Tuesday 20th February 2018

ZEIC election report shows that the ECZ have not done enough to prevent PF bias

imageLast night, the Zambian Elections Information Centre (ZEIC) released its Pre-Election Report reviewing the events and conduct of the various political parties in the run-up to today’s election. Unsurprisingly, the report has found that the unprecedented levels of violence seen in this election have caused considerable political tensions which may have damaged hopes of a fair and free election. But the report has also judged that the ECZ did not do enough to manage the situation; specifically, with respect to public media coverage, the conduct of the Zambian police, the conduct of civil servants and how the political parties have engaged with the electoral commission.

In order to prevent any further political unrest and stability, the ZEIC has requested all stakeholders to avoid uncertainty by releasing timely and officially verified results information when appropriate; to avoid speculation of fraud and election violence unless this information is verified; and to prevent unwanted violence by releasing real time information on election results and events through the Electoral Commission of Zambia.

The ZEIC has found that the levels of violence seen in the run up to the election will likely have a negative effect on voter turnout. Violence has been perpetuated between the Patriotic Front and the UPND in at least two or three incidences each day across the country. Cadres have increasingly shown little regard for law enforcement, and thus there have been questions raised by citizens in the public whether the Zambian Police Authorities can guarantee the protection of those who go to the polling stations to vote. The ZEIC has cited that on numerous occasions, the police authorities have been criticised for only protecting the supporters of the ruling party and not all Zambians. The language used by political leaders such as Edgar Lungu has also been cited as a heavy contributing factor towards escalating violence.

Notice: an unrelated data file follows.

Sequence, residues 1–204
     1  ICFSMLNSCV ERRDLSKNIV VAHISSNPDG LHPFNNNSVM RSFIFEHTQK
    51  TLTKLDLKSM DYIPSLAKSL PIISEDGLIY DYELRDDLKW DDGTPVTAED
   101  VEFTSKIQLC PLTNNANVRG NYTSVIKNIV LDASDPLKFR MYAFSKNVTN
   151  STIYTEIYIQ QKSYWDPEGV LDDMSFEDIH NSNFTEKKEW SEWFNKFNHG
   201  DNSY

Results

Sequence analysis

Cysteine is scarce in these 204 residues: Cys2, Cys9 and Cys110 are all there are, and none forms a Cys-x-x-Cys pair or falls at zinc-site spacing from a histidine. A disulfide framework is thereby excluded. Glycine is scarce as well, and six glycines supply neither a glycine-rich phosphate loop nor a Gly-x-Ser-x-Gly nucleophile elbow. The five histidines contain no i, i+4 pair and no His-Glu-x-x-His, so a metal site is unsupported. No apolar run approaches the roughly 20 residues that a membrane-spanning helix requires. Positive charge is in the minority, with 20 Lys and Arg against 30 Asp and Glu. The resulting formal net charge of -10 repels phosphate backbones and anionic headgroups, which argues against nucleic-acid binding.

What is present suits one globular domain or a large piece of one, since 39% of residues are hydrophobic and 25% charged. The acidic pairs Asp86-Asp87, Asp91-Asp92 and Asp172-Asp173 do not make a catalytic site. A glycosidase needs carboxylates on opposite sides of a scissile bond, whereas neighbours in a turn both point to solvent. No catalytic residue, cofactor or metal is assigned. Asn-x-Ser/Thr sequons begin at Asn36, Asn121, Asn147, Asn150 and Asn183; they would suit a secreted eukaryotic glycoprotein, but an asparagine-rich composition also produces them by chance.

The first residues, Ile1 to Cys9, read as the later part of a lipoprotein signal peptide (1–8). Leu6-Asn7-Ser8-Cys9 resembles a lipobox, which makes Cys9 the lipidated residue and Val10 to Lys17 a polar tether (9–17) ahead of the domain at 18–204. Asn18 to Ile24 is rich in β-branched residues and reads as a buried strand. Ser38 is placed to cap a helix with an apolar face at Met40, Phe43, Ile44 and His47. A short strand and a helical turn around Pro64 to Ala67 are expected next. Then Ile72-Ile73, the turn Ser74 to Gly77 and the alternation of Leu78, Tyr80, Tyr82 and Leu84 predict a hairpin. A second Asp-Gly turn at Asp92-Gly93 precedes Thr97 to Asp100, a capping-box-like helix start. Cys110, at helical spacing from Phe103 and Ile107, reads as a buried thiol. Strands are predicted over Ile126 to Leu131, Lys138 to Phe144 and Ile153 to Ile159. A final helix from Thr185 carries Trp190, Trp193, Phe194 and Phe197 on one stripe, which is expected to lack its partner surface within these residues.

The report finds that the right of parties to assemble has been abused with a clear bias in favour of the ruling Patriotic Front, whereby UPND rallies were cancelled on the basis that the Patriotic Front had now decided to campaign in the same region and that security services were understaffed to deal with both rallies. This formed the pretext for the police killing of Mapenzi Chibulo, aged 22 on 8th July 2016. The ECZ in response to these abuses of the Public Order Act has been found incompetent.

The findings also argue that the Electoral Commission has been vastly underprepared for the election. Having increased the number of polling stations from 6,456 in 2011 to 9,022 in 2016, the ECZ has not done enough to improve its logistical services to cope with the increase. Voter Education has been insufficient on both the elections and the national referendum.

With regard to the printing of ballot papers, the ECZ disregarded calls the reconsider the appointment of the controversial Al Ghurairi printing company based in Dubai, and more recently breached code of conduct when they sent off ballot papers to the polling stations in the middle of the night, rather than at the agreed time at which party stakeholders could witness the process.

The media coverage in the run-up to the election has been severely compromised, with many high profile media outlets under the control of ruling party, whilst other independent and critical voices being silenced completely.

There has also been concerns raised over the participation of women in this election, as candidates, campaigners and as voters. The ZEIC has noted that only 94 female candidates have stood in this election in comparison with 138 in 2011. The UPND is represented by the most female candidates with 29, whilst the PF have 24. Though it has been found that women form the majority of the registered voters, with 3,372,935 out of the 6,698,372 total. The ZEIC observed that the escalation of violence, where on occasions women have been stripped naked and beaten by cadres, has consistently been detrimental to the engagement of women in political action.

On the whole, the ZEIC report has been particularly damning of the work done by the ECZ and has shown that they have not done enough to ensure secure a free and fair election. On too many occasions, the nature of the election and the conditions in which campaigns have been conducted have favoured the current ruling party, to the detriment of other opposition parties. If the ruling Patriotic Front emerge from these elections victorious, there will be many eyebrows raised and a lot of questions for both the PF and the ECZ to answer.

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